I took a look at that page, and strictly speaking I don't think it should be a disambiguation page, because unlike Japanese we don't have articles yet for any of those mountains, and we are not supposed to list red links on disambiguation pages. What I would suggest is to convert that page into an article on "Mount Katuragi", perhaps based on the content in the Remarks section. You could use that article to explain that there are several mountains with that name. – Margin1522 (talk) 21:00, 15 April 2015 (UTC)
Well, perhaps I failed to get this point across in my initial post, but geography articles aren't really my forte or field of interest, so I am not really receptive to your suggestion that I myself develop this into an article proper. It will have to be an open invitation to users at large, particularly those rooted in this area of Nara/Oska, or perhaps [task force] members.
There is a bit more to write, but I'm going to continue at the Talk:Mount Katsuragi page. --Kiyoweap (talk) 18:48, 18 April 2015 (UTC)
I'll see what I can do. ···日本穣? · 投稿 · Talk to Nihonjoe · Join WP Japan! 23:11, 18 April 2015 (UTC)
Okay, I've made (some of it was translated) one article so far: Mount Yamato Katsuragi. ···日本穣? · 投稿 · Talk to Nihonjoe · Join WP Japan! 06:27, 19 April 2015 (UTC)
For Mount Izumi Katsuragi, too. ···日本穣? · 投稿 · Talk to Nihonjoe · Join WP Japan! 17:31, 20 April 2015 (UTC)
Finished Mount Naka Katsuragi. ···日本穣? · 投稿 · Talk to Nihonjoe · Join WP Japan! 05:22, 21 April 2015 (UTC)
Working on Minami Katsuragi, but having trouble understanding part of it. If anyone else familiar with Japanese (especially if familiar with the Lotus Sutra, Shugendō, and Japanese Buddhism) wants to help, you can see my question here. Thanks! ···日本穣? · 投稿 · Talk to Nihonjoe · Join WP Japan! 18:35, 21 April 2015 (UTC)
Finished Kongō Range. ···日本穣? · 投稿 · Talk to Nihonjoe · Join WP Japan! 21:48, 22 April 2015 (UTC)


The geisha article has recently drawn the attention of some people (perhaps very young?) who don't seem to know what they're doing. It would help if some more experienced, level-headed editors kept an eye on it over the next few days. -- Hoary (talk) 14:43, 16 April 2015 (UTC)

RfC for Kenji Miyazawa[edit]

There is currently a RfC at Talk:Kenji Miyazawa#RfC: How should this be worded?. ミーラー強斗武 (StG88ぬ会話) 19:59, 26 April 2015 (UTC)

How strict should we be about the order of names?[edit]

So, we're supposed to have SURNAME-GIVEN NAME for those born before 1868, and GIVEN NAME-SURNAME for those born after. How strict are we to be with this? For example, I now have at Kanae Yamamoto (artist) that Hakutei Ishii (1882–1858) is the son of Ishii Teiko (1848–1897). Should I leave it like that? It follows the guidelines, but it sure looks like I simply screwed up. Curly Turkey ¡gobble! 01:18, 30 April 2015 (UTC)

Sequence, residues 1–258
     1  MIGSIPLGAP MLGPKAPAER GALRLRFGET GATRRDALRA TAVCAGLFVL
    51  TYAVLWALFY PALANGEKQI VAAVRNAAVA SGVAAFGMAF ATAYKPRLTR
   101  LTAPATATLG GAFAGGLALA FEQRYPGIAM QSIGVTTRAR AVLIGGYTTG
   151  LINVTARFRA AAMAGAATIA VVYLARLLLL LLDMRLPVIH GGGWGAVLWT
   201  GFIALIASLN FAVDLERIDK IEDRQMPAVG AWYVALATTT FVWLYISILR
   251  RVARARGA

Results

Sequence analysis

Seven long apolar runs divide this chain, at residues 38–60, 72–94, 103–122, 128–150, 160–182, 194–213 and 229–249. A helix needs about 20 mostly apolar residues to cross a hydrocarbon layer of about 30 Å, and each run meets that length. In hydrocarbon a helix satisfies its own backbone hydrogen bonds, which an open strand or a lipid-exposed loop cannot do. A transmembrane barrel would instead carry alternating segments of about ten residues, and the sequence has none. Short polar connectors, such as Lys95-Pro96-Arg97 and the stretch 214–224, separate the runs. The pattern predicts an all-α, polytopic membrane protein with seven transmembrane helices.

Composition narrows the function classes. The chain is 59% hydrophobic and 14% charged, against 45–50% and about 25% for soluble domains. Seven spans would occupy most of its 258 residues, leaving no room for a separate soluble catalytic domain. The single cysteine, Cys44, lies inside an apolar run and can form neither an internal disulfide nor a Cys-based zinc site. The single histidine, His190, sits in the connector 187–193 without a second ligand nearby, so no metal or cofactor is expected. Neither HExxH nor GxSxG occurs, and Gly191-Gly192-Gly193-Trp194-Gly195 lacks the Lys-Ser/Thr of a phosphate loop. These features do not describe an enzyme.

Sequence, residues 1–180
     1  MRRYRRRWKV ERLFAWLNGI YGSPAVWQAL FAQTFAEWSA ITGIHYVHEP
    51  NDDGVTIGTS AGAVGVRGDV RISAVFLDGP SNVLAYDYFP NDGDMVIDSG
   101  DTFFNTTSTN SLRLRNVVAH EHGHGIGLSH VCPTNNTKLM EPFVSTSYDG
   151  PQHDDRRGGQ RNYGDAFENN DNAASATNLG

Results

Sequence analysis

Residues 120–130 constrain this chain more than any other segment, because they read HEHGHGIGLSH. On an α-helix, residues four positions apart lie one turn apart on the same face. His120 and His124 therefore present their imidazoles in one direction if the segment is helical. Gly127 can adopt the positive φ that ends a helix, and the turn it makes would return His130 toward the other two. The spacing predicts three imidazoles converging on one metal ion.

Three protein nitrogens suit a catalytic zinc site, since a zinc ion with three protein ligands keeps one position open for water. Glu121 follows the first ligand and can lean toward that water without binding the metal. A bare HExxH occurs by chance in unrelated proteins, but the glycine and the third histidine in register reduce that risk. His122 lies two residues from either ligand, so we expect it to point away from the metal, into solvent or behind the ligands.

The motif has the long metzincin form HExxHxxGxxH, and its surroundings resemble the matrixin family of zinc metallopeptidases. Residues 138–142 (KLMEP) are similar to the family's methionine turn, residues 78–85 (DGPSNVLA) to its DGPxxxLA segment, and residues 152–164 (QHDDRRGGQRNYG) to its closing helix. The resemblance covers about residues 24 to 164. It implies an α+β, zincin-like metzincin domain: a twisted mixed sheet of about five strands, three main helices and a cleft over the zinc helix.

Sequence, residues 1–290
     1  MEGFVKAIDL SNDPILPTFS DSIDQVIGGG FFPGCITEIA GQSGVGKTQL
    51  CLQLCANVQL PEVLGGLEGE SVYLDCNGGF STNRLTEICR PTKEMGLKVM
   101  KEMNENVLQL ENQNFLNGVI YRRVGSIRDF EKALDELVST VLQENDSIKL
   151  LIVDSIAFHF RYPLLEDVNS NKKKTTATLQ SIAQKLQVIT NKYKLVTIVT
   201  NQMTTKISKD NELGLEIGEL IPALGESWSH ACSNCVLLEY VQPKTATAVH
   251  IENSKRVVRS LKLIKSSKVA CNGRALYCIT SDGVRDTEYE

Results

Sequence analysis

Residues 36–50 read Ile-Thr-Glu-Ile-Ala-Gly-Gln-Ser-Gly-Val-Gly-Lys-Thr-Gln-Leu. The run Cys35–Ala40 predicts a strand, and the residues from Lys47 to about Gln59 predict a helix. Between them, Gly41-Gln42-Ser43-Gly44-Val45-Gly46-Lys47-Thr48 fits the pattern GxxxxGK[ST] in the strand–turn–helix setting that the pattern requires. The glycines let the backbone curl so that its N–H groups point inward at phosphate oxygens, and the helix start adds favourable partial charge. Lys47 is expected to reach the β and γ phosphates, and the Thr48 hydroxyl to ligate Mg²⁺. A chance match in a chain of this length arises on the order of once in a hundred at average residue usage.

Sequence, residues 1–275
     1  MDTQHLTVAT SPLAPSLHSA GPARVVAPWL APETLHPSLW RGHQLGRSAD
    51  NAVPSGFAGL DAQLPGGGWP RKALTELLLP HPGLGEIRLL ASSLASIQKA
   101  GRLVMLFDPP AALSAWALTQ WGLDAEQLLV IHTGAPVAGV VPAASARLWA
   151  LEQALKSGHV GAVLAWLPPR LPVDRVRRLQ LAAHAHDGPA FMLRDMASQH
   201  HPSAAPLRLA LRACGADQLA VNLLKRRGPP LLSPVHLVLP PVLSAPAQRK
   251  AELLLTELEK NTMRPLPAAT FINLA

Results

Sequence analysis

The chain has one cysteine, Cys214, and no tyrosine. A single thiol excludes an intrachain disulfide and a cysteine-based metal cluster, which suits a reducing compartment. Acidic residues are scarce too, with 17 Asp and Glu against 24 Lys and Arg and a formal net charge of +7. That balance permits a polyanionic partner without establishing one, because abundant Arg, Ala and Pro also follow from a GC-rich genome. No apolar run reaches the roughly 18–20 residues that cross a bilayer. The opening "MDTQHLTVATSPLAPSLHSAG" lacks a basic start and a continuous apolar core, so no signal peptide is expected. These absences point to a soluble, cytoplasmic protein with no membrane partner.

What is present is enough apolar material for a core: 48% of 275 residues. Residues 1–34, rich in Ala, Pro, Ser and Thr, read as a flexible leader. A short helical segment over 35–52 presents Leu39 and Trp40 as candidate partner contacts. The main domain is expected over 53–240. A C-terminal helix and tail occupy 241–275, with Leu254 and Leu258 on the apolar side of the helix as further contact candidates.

The 1868 cutoff date is an arbitrary Wikipedia invention. Nobody's name was reversed in 1868. There is no reason to be fastidious about it. Fernando Danger (talk) 02:01, 1 May 2015 (UTC)
It is not an arbitrary invention. This is commonly used in academic circles as well. And to answer the original question, yes, that is the way it should be, Curly Turkey. ···日本穣? · 投稿 · Talk to Nihonjoe · Join WP Japan! 05:01, 1 May 2015 (UTC)
This should be good. What "academic circle" is that, pray tell? I find only one post-2000 hit for "Hakutei Ishii"[4] compared to 14 for "Ishii Hakutei."[5] If you look at other encyclopedias, they put everyone family name first.[6] That neatly avoids the need to pick some arbitrary switching date. Fernando Danger (talk) 05:32, 1 May 2015 (UTC)
I said "circles" (plural), and please don't give me attitude with "pray tell?" (that's never a polite question, as it assumes the person being asked the question is an idiot who obviously knows nothing about what they speak...if that's not what you intended, I apologize, but I have never, ever seen that used in a polite way). At the time the that part of the MOS was written, it was found that that was the cutoff date for when academic usage changed from SURNAME GIVENNAME to GIVENNAME SURNAME. You're welcome to search through the archives of the discussions, as they were many and some were very long. To change it again would require similar extensive discussions to arrive at a new consensus (if needed). ···日本穣? · 投稿 · Talk to Nihonjoe · Join WP Japan! 05:51, 1 May 2015 (UTC)
In other words, there aren't any academic circles that do this, or at least none you know of. Fernando Danger (talk) 05:59, 1 May 2015 (UTC)